Sunday, December 29, 2013

"The Housekeeper & the Professor" by Yoko Ogawa

This book was recommended to me by the same friend who also recommended "The Rosie Project", "The Book Thief" and "The Boy with the Striped Pyjamas" - all of which I have loved! So I had fingers crossed this would be another wonderful book.

According to wikipedia "The story centers around a mathematician, "the Professor," who suffered brain damage in a traffic accident in 1975 and since then can produce only 80 minutes' worth of memories, and his interactions with a housekeeper (the narrator) and her son "Root" as the Professor shares the beauty of equations with them."

This book was recommended to me by Shelley, who also recommended the Book Thief, the Rosie Project, and the Boy in the Striped Pyjamas - all of which I have loved.

I'm not quite sure why I loved this book so much. It is not action packed, no big dramas take place, nothing much actually "happens" in it. If I try to describe it, I'm sure it will sound dull. But it's not. It's very different to many other books I've read. It is written by a Japanese author and translated into English..I think it's the first book by a Japanese author I have consciously read. It's also quite short, so if you are unsure whether to read it or not, you might as well take a chance.
Anyone who knows me knows I struggle with maths (despite being a scientist), it is not one of my strong points and it doesn't interest me...I prefer to give the maths issues to people who have talent in that area. Sometimes I am forced to use maths as a tool, but it is not beautiful. However, reading this book ignited a tiny spark about how cool and beautiful maths can be. I was fascinated by the excitement and beauty of some of the maths puzzles brought up in the book, and the way the beauty of maths and human love evolved and existed between the Professor, the housekeeper and her son and that it has no pretentiousness and is simply wonderful. It is sad and uplifting. It's not exciting, but I think if you read it you will have a new perception of another aspect of life which you might not have otherwise. At least that's what I felt.

Started reading on my kindle: 30th December 2013
Finished: 5th January 2013
My score: 8.5/10

Friday, December 27, 2013

"The Boy in the Striped Pyjamas" by John Boyne

A very sad and very powerful story of the Nazi concentration camps, told with a simplicity and innocence that reminded me of "the little prince". Unforgettable. It's hard to know what else to say about this book, but it's definitely now in the list of "must read" books when people ask me for recommendations. I think the book could be described as a fable and although it is written as a children's story and from the point of view of a 9-year old boy, it definitely covers some very challenging/disturbing/important moral issues at it's heart. I guess that's what reminds me of "the little prince" or perhaps even "the Alchemist". It tells the (possibly implausible) tale of two 9-year old boys on opposite sides of the fence at 'Out With' (alternative name for Auschwitz concentration camp) who become friends, despite one being the privileged German son of the Commandant of the camp, and the other being a Jewish boy from Poland who is imprisoned in the camp. I thoroughly recommend this book, although be warned it is not a happy book to read (obviously due to the topic) and you will probably need a box of tissues handy.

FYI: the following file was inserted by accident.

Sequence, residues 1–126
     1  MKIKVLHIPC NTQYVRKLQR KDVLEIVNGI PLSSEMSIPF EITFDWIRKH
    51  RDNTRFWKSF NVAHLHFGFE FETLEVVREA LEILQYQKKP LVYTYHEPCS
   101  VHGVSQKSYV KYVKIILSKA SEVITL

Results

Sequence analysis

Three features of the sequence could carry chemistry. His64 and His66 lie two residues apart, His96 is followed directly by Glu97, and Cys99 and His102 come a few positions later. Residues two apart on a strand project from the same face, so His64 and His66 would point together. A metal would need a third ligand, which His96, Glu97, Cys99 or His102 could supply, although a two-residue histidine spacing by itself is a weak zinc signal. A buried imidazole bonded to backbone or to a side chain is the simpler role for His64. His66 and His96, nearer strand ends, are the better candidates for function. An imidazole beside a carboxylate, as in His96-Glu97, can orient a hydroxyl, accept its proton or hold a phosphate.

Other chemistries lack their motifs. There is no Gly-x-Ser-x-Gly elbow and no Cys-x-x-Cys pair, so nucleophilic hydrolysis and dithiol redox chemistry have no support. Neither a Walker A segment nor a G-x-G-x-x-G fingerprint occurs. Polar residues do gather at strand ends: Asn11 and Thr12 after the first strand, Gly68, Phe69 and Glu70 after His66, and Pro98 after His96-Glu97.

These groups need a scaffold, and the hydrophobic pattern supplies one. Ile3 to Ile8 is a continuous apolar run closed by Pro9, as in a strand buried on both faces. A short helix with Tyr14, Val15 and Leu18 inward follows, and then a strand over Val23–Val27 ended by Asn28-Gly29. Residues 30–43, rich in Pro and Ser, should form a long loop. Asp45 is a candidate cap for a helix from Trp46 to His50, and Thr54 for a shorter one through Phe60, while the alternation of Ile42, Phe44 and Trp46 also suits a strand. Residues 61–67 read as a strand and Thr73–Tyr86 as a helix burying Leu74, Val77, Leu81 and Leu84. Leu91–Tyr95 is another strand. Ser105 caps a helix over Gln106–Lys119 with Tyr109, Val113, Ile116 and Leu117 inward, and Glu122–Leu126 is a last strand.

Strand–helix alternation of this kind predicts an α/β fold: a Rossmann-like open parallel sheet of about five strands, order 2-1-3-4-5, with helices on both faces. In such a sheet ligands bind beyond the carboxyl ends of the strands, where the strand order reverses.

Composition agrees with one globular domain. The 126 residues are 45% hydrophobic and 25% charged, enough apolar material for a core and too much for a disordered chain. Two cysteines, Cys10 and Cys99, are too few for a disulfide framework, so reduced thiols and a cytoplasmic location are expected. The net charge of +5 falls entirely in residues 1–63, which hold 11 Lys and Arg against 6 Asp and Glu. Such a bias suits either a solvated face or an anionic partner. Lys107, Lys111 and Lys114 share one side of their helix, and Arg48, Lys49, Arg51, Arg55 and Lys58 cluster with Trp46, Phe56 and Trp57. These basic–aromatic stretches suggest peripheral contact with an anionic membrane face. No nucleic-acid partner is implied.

Started reading on my kindle: 27 Dec 2013
Finished: 30th December 2013.
My score 9.5/10.

"The Guernsey Literary and Potato Peel Pie Society" by Mary Ann Shaffer and Annie Barrows

This book is an historical novel that was highly recommended to me by more than one person lately. It was written by an American author, Mary Ann Shaffer, but finished off by her niece Annie Barrows and published after Mary Ann's death. The title is quite long and curious, but don't let that put you off reading it. It is set during and in the aftermath of WW2, mainly in the Guernsey Channel island which is a small rural island that is part of the UK and was occupied by the Germans during the last World War. It is narrated mainly through a series of letters which is quite unusual, but very effective. You see the story through several characters eyes, and as they are told through personal letters you really form an attachment to the various characters as if they were people you actually know and care about. Many of the characters in the book share a love of books and the arts in various forms, and if you are a book-lover it is lovely to read and connect with characters with the same love. The details of what the war was like on the Channel islands was fascinating to me as I knew little of the history before reading this book. 

A lot of people recommended this book to me. I found that it reminded me a lot of another book I read this year - "War Brides" by Helen Bryan. So if you have read "the Guernsey Literary and potato peel pie society' and enjoyed it but haven't yet read "war brides" I think you might like it. I read "War Brides" earlier this year and my review can be found here.

Started reading "The Guernsey Literary and Potato Peel Pie Society" on my kindle: 24th December 2013 Finished: 27th December 2013
My score: 8.5/10

Saturday, December 14, 2013

Aussie Author Challenge 2014 Accepted!

I had so much fun and discovered so many great Australian authors and books this year through participating in the Aussie Author Challenge advertised on the Booklovers book review blog, so I have decided to sign up for the Challenge again in 2014!! :-)
I have chosen to attempt the hardest level of the Challenge - "Kangaroo" which involves: